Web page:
# Show that operator is normal and determine its Singular Value Decomposition

Consider the operator $$Af(x):=\int\limits_{-\pi}^{\pi}\sin(x-y)f(y)\, dy, x\in [-\pi,\pi], f\in L_2(-\pi,\pi).$$ Show that the operator $A\in\mathcal{L}(L_2(-\pi,\pi))$ is normal. Determine the Singular Value Decomposition (SVD) of A.

In order to check if A is normal, I determined the adjoint operator with the result that $$A^* f(x)=\int\limits_{-\pi}^{\pi}\overline{\sin(x-y)} f(y)\, dy.$$

Then I calculated $AA^*$ and $A^*A$. Here are my results: $$AA^* f(x)=\int\limits_{-\pi}^{\pi}\sin(x-y) \int\limits_{-\pi}^{\pi}\overline{\sin(y-z)} f(z)\, dz\, dy$$ $$A^*Af(x)=\int\limits_{-\pi}^{\pi}\overline{\sin(x-y)}\int\limits_{-\pi}^{\pi}\sin(y-z)f(z)\, dz\, dy$$ And this is identical because $\sin(x)=\overline{\sin(x)}$.

Could you please write me in a comment if it is okay until now?

Thanks a lot.

Edit:

Concerning the SVD:

Is it right, that I have to determine the eigenvalues (resp. eigenfunctions) of $AA^*$? Does one need the convolution theorem of the Fouriertransformation? Explicitly: To my opinion it is $$AA^*f(x)=(\sin\star A^*f)(x)$$ and therefore $$AA^* f(x)=\lambda f(x)\Leftrightarrow \mathcal{F}(\sin\star A^*f)=(2\pi)^{1/2}\mathcal{F}(\sin)\cdot\mathcal{F}(A^*f)=\lambda\mathcal{F}(f),$$ i.e. $$(2\pi)^{1/2}\mathcal{F}(\sin)\cdot\mathcal{F}(A^*f)=\lambda\mathcal{F}(f).$$ Can one use that equation to determine now $\lambda$ resp. $f$?

Greetings

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Here is a related problem for normal matrices. – Mhenni Benghorbal Feb 12 '13 at 11:03

Yes, Fourier transform is the way to go.

Recall the spectral theorem: a bounded operator on a Hilbert space is normal if and only it is unitarily equivalent to a multiplication operator. What you have here is a special case, with the implementing unitary being the Fourier transform $\mathcal{F}$.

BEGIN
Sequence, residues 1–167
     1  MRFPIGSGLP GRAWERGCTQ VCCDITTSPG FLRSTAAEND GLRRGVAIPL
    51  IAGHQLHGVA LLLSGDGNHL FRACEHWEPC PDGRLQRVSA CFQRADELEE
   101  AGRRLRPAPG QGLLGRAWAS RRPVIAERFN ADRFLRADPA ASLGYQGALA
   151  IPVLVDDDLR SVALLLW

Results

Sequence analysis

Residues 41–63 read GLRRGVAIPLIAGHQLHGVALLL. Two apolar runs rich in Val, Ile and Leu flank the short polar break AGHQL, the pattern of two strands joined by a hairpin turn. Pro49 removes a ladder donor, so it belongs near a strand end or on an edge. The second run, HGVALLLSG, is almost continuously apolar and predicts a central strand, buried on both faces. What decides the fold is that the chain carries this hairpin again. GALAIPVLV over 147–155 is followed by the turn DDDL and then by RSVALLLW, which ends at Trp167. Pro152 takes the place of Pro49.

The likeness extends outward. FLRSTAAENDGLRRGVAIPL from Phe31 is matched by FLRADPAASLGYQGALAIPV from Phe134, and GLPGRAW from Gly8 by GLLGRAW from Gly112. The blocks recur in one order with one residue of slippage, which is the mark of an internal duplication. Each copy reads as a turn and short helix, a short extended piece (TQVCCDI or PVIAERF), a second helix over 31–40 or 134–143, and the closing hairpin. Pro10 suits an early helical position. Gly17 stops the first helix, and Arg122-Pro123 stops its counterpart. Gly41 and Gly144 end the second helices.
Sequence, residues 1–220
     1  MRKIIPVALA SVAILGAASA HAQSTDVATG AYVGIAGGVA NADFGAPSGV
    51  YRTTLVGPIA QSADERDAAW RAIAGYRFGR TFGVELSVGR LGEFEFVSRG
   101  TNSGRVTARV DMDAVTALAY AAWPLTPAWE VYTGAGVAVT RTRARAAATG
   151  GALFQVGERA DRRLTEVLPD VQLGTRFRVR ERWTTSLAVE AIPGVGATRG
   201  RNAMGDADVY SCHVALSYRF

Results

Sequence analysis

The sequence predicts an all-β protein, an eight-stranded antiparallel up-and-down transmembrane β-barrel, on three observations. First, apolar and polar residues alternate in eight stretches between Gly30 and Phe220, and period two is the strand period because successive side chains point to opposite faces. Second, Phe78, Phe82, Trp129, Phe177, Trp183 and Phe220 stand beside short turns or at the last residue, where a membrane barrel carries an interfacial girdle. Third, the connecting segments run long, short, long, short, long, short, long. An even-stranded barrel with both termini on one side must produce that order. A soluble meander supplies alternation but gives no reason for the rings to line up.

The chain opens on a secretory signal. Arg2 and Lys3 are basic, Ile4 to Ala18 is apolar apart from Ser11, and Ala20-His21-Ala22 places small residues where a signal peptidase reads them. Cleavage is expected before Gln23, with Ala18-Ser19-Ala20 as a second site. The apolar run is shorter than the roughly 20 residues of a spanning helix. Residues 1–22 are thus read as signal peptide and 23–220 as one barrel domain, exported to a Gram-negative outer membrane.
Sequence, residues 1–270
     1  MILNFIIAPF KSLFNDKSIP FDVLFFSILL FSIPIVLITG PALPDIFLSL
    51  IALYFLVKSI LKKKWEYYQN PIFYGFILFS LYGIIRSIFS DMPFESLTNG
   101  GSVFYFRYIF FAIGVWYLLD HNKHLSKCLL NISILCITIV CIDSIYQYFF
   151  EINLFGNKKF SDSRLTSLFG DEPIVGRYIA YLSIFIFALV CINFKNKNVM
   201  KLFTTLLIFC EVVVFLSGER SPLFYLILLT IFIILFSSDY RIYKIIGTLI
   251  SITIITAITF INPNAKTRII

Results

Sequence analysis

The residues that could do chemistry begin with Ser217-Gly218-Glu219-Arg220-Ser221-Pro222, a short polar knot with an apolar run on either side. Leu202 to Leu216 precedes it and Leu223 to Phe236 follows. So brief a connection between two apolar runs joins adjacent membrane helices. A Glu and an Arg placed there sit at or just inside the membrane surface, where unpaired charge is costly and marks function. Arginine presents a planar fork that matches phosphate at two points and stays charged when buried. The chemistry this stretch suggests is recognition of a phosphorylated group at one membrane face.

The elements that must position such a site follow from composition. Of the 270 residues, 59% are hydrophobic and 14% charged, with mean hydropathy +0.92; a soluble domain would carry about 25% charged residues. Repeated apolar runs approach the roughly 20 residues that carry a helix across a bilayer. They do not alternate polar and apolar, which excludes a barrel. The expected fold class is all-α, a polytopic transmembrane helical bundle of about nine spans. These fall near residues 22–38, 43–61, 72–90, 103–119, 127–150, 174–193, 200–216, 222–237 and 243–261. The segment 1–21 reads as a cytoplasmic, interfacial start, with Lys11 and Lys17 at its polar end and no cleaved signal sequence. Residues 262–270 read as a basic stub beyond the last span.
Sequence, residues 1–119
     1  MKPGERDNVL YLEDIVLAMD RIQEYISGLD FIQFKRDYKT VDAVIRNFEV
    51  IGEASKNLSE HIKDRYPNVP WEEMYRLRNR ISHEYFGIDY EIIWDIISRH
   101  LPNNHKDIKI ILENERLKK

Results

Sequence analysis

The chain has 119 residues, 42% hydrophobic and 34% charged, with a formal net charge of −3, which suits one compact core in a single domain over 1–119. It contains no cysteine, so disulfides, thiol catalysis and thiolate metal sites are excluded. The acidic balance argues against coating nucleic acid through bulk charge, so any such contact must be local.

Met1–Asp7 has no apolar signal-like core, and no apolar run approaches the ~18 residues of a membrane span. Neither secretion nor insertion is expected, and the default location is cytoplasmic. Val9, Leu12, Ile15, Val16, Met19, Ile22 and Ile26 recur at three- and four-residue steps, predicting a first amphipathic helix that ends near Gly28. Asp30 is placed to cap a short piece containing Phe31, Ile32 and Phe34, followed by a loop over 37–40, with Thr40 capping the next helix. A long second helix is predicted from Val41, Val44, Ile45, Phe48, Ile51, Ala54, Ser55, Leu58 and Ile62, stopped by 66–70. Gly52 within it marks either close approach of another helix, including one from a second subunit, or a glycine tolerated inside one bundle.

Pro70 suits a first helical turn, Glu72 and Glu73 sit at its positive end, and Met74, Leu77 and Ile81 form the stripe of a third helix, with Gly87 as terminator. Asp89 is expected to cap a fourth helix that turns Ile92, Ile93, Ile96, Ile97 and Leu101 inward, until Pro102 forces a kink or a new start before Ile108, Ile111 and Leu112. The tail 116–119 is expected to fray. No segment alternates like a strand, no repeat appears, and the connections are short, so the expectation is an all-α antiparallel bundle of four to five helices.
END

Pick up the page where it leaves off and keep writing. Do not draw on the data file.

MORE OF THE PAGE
As you noted, the convolution theorem says $\mathcal{F}$ maps convolution to multiplication. The Pontryagin dual in this case, $\mathbb{Z}$, is discrete. This means $A$ is diagonalizable, in particular normal. The $\mathcal{F}(h)$ for any $h \in L^1(\mathbb{T})$ is a sequence vanishing at infinity. So $A$ is compact and SVD makes sense.

In Fourier domain, your answer is very simple: $A$ is projection onto the basis element $\sin x$ (up to a scaling factor, possibly). So the eigenvalues of $A^*A$ is same as $A$: $1$ for the basis element projected on and $0$'s for every other element (again, you might need to adjust for a scaling factor that makes $\mathcal{F}$ unitary).

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Note that, if $$K \equiv \int_{a}^{b}k(x,t) dt$$ and

$$H \equiv \int_{a}^{b}h(x,t) dt,$$ then

$$KH \equiv \int_{a}^{b}k(x,z)h(z,t) dz.$$

Now, apply this result to your operators $A$ and $A^{*}.$

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Why is KH that way? – math12 Feb 12 '13 at 15:48